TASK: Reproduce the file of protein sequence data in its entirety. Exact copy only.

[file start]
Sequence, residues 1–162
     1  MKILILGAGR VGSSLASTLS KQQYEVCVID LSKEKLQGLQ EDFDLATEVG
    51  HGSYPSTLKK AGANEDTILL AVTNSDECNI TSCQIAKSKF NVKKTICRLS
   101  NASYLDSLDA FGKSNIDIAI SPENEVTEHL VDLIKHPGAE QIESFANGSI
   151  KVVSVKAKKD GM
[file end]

Sequence, residues 1–162
     1  MKILILGAGR VGSSLASTLS KQQYEVCVID LSKEKLQGLQ EDFDLATEVG
    51  HGSYPSTLKK AGANEDTILL AVTNSDECNI TSCQIAKSKF NVKKTICRLS
   101  NASYLDSLDA FGKSNIDIAI SPENEVTEHL VDLIKHPGAE QIESFANGSI
   151  KVVSVKAKKD GM